And that infant supermassive black hole? It’s quite busily ingesting gas and turns out to have 9 million solar masses. That’s less than some black holes of its era but still larger than expected. It exists so early in history that it seems to have formed very shortly after the Universe began, which is intriguing.

Interestingly, the black hole turns out to be more like Sagittarius A*, the one in the center of the Milky Way. And, that’s exciting even while it’s still puzzling. “Looking at this distant object with this telescope is a lot like looking at data from black holes that exist in galaxies near our own,” said Rebecca Larson, a recent Ph.D. graduate at UT Austin, who led the study of these objects. “There are so many spectral lines to analyze!”

About Those Spectral Lines

While the infrared view shows us the structure of the galaxy, the spectral lines reveal other characteristics. For example, spectra can pinpoint high-energy outflow speeds and temperatures. In the case of CEERS 1019, the spectroscope captures both the black hole and its host galaxy. Its data reveal the black hole’s appetite for gas as well as the star-formation rate. It will be interesting to see if this scenario plays out in other galaxies in the CEERS survey. In the meantime, however, these first discoveries are priming astronomers to refine their ideas about black holes and galaxy formation in the infant universe.

The epoch of reionization was when light from the first stars could travel through the infant universe. At this time, galaxies began assembling, as did black holes. Credit: Paul Geil/Simon Mutch/The University of Melbourne.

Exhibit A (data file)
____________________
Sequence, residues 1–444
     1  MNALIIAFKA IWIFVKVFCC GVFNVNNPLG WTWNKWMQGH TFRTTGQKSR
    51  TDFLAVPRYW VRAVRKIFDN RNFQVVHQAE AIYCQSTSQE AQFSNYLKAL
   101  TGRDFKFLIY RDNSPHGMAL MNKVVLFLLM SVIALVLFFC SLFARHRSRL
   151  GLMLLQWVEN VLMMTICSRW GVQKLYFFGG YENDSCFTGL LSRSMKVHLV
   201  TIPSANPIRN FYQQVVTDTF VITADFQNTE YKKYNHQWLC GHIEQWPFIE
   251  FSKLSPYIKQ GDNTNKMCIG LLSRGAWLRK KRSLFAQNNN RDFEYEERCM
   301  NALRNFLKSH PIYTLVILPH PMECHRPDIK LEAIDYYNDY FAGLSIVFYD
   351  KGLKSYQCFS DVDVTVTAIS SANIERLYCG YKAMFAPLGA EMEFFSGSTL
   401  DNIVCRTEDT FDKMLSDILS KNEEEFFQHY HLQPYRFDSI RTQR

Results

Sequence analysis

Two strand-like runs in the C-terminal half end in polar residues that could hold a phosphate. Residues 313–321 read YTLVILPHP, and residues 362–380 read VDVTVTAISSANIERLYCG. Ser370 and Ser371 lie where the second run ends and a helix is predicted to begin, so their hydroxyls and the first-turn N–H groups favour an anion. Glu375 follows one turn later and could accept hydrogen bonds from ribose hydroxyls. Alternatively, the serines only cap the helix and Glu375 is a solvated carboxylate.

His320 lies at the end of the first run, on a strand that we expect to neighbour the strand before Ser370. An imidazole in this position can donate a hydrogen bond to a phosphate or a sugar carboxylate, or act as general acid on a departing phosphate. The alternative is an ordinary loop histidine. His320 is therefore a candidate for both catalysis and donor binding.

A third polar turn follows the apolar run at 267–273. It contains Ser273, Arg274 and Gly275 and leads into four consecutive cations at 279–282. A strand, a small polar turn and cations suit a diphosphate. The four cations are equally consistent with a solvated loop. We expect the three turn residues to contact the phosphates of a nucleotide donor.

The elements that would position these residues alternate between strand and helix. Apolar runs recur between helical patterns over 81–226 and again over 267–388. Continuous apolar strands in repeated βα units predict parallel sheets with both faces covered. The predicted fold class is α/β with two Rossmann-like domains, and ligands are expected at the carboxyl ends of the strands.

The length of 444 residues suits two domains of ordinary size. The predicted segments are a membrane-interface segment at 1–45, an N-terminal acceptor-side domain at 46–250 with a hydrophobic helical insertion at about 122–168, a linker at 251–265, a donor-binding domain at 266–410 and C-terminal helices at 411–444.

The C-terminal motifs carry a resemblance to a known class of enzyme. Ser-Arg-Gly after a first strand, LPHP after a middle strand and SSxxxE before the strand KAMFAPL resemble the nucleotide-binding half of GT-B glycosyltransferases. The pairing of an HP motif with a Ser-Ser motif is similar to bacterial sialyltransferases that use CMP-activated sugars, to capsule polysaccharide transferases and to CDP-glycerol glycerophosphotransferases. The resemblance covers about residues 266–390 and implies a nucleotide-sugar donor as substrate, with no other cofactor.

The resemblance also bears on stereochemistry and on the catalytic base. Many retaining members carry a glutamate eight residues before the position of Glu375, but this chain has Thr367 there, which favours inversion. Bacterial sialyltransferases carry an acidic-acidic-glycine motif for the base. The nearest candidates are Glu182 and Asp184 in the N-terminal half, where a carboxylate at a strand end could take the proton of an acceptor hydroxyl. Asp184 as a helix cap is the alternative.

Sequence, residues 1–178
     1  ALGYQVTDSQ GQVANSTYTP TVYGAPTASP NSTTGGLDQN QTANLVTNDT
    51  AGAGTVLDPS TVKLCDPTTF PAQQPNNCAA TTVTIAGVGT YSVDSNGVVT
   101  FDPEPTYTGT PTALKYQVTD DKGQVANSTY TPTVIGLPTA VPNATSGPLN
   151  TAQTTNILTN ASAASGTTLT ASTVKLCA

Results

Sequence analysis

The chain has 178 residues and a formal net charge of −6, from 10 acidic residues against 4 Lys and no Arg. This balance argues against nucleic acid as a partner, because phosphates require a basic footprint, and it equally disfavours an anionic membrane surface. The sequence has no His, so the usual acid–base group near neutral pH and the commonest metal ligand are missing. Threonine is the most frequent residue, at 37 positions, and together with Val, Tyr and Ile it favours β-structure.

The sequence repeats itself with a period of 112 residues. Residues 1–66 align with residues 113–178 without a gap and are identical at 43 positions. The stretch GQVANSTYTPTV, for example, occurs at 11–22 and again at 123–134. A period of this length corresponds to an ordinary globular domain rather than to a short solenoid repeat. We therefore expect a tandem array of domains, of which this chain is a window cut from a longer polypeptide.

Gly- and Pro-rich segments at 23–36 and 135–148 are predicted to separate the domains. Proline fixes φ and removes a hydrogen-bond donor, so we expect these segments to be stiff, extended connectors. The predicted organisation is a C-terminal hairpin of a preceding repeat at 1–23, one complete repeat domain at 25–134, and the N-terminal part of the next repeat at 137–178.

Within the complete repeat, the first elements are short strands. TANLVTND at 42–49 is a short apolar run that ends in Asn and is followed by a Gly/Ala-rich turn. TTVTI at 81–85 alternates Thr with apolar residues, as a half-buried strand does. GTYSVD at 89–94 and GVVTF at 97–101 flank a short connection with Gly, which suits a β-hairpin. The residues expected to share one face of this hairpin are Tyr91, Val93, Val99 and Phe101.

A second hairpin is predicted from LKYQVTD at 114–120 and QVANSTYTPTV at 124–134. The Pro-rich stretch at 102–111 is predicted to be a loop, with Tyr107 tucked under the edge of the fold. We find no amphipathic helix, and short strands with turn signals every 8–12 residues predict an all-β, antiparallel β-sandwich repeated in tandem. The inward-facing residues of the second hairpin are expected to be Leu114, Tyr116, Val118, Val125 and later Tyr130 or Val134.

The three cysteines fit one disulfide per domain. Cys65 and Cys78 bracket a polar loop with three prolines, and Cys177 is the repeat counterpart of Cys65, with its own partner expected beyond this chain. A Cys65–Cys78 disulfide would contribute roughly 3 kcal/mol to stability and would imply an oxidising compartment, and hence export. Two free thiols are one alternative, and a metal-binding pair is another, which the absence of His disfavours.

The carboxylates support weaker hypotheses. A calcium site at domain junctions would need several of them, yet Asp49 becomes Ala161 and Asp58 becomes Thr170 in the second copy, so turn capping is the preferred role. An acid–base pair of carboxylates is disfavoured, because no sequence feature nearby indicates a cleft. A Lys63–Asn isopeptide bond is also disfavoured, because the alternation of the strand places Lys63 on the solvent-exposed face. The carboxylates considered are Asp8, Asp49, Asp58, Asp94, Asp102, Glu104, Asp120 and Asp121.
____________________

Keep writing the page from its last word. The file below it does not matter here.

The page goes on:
In particular, CEERS focuses on these objects as they existed in the Epoch of Reionization. That’s a point in cosmic history when light began to travel freely across the expanding universe. That light came from the first stars and ionized the gas between stars and galaxies. It also appears that galaxies began assembling during this time (and perhaps earlier) as well. The survey data covers the build-up of stars (stellar mass), the morphological changes in the galaxies as a result, as well as the growth of those early black holes. So, studying this period is key to tracing a timeline of the Universe’s origins and evolution through the buildup and transformation of those earliest galaxies. This is one of the key aims of the JWST, which is just finishing its first full year of observing the infrared universe.

For More Information

Webb Telescope Detects Most Distant Active Supermassive Black Hole
Focus on the Cosmic Evolution Early Release Science (CEERS) JWST Survey

Webb Detects Most Distant Active Supermassive Black Hole to Date

Carolyn Collins Petersen